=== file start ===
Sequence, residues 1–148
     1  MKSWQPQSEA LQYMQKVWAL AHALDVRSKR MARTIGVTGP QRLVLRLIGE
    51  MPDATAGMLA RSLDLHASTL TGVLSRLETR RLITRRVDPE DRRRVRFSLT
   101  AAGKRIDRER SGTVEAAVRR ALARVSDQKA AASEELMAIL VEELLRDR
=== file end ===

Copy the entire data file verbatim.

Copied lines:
Sequence, residues 1–148
     1  MKSWQPQSEA LQYMQKVWAL AHALDVRSKR MARTIGVTGP QRLVLRLIGE
    51  MPDATAGMLA RSLDLHASTL TGVLSRLETR RLITRRVDPE DRRRVRFSLT
   101  AAGKRIDRER SGTVEAAVRR ALARVSDQKA AASEELMAIL VEELLRDR